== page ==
‘Gendercide still exists’: Women’s advocate rips study claiming to ‘find’ China’s 30 million missing girls
LINFEN, SHANXI, China, December 2, 2016 (LifeSiteNews) — A new study claiming to have "found" China's 30 million missing girls should by no means lessen the fight against the targeting of girls for abortion in the country's population control regime, says women's rights advocate Reggie Littlejohn.
Though some of these 30 million "missing" girls may be accounted for, the fact is that "gendercide still exists," says Littlejohn.
China's infamous one-child policy created a demographic catastrophe for the nation, with estimates long indicating the nation births 118 boys for every 100 girls. According to the official statistics, since the one-child policy's inception in 1979, the ratio of boys to girls has become increasingly disproportionate because most families prefer a boy.
General estimates range from 30 million to 60 million "missing" Chinese girls who would otherwise have been born.
But Associate Professor John Kennedy of the University of Kansas has challenged this conclusion in a new study based on an investigation he began in 1996 with Shi Yaojiang of Shaanxi Normal University in China.
Kennedy and Yaojiang say they have "found" the "missing" girls as unreported female births. The results of their investigation were published in the China Quarterly last month.
They theorize that local Chinese officials agreed to look the other way and allow girls to be born unreported in exchange for parents' cooperation.
"We interviewed villagers and … officials, and everybody had a tacit understanding that yes, millions of girls and some boys, too, were allowed to be unregistered," Kennedy told SBS, an Australian online news service.
Kennedy said he and Yaojiang compared birth statistics in 1990 to 2010 census records for 20-year-olds and found 4 million extra people than the number of births recorded, including 1 million more women than men.
Last year, China replaced its oppressive one-child policy with a "two-child policy," but the principle is the same: forced abortions and infanticide for any child conceived after the second.
Reggie Littlejohn of Women’s Rights Without Frontiers questioned Kennedy and Yaojiang's research. Conceding that "some girls may be hidden," Littlejohn maintains, "Sex-selective abortion and abandonment are still very serious problems in China."
"Regardless of how many girls have been hidden rather than aborted or abandoned, we know that true gendercide also exists in China," Littlejohn told LifeSiteNews in an email. "Women are pressured to abort or abandon their babies just because they are girls — rather than simply hiding them. Second daughters are particularly vulnerable."
The international pro-life champion adds hands-on experience to her conclusions. "We have boots on the ground in one area of rural China," she said. "Our 'Save a Girl' Campaign has saved hundreds of baby girls from abortion or abandonment because they are girls."
"We know from our experience on the ground in rural China that many girls are not hidden but dead."
"The idea that Chinese families sometimes hide an 'illegal' child is not news," Littlejohn explained. "Families have an incentive to misrepresent the number of children they have, either to evade a forced abortion before the child is born or to avoid paying crushing 'terror fines,' which can reach 10 times a couple's annual salary, after the child is born. All of this is well established," she said.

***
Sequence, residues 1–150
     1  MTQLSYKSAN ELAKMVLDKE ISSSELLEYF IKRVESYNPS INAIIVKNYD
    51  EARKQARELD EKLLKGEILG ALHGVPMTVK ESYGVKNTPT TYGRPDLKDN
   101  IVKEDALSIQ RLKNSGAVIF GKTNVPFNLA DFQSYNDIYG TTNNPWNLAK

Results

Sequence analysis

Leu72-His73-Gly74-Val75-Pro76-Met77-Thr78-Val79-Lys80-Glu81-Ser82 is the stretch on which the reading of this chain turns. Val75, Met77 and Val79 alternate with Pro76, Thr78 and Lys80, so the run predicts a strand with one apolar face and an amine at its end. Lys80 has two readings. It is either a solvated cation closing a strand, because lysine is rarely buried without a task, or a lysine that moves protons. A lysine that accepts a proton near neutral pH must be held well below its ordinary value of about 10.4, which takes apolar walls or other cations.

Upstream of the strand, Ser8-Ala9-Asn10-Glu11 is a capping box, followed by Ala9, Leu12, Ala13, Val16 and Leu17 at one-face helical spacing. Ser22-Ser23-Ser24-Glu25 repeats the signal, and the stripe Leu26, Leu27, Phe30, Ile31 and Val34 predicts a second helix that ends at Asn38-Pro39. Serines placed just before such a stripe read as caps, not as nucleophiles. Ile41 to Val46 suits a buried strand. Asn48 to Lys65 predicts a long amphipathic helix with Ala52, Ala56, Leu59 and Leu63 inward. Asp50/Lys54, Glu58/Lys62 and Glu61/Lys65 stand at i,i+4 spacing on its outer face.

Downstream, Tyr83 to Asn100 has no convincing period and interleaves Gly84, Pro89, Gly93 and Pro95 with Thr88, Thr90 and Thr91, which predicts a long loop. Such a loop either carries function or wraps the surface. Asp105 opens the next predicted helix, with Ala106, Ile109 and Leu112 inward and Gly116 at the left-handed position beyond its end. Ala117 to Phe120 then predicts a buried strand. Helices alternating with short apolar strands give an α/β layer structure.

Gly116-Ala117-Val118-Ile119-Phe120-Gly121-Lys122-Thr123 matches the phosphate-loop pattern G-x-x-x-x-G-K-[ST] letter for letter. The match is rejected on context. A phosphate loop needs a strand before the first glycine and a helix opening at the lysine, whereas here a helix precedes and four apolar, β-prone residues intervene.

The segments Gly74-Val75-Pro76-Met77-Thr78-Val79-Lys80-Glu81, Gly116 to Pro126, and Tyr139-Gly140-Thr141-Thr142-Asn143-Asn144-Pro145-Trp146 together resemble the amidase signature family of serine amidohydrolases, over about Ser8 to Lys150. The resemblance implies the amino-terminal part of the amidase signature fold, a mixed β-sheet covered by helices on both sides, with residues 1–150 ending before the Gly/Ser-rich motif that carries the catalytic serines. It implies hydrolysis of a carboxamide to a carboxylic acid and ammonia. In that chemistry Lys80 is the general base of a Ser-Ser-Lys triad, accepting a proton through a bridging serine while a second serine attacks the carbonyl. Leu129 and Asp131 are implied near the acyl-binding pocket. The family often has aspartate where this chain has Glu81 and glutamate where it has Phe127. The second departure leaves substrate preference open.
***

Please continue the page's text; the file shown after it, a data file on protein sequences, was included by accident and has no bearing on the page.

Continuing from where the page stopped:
Littlejohn said unregistered children "exist without hukou" (household registration), as "illegal aliens in their own land." "When a child is hidden, she will have no official existence — she will have no healthcare or access to education, for example. ... I have long maintained that the hukou system, which discriminates against girls, should be abolished."
Nevertheless, Littlejohn takes issue with Kennedy's sweeping conclusion, which basically sanitizes China's one-child (now two-child) policy. "The idea that most if not all the 30 million missing women in China can be found among this illegal population is improbable. Researcher Kennedy states, 'If 30 million women are truly missing, then there's going to be more males than females of marriageable age as they start looking for wives.' Agreed. And, of course, that's exactly what's happening, with the formation of 'bachelor villages,' and the new law that Chinese women cannot marry men of a different race."
"According to the 2016 State Department Trafficking in Persons Report, China's gender imbalance, caused by the One-Child Policy, is driving international human trafficking from the surrounding nations. This would not occur if 25 million women, hidden at birth, suddenly emerged 20 years later at marriage age," Littlejohn reasoned.
The U.S. State Department report notes that China's one-child policy "increases the demand for prostitution and for foreign women as brides for Chinese men — both of which may be procured by force or coercion. Women and girls are kidnapped or recruited through marriage brokers and transported to China, where some are subjected to prostitution or forced labor."
Littlejohn concluded, "Even if some of China's 30 million missing girls and women are alive but hidden, there are still countless more that were selectively aborted or abandoned. We need to continue to fight gendercide in China."
In 2008, China Daily reported 13 million abortions annually, but it is widely believed that the government grossly under-reports abortions. The communist regime claims that since the inception of their one-child policy, Chinese women have committed 400 million abortions.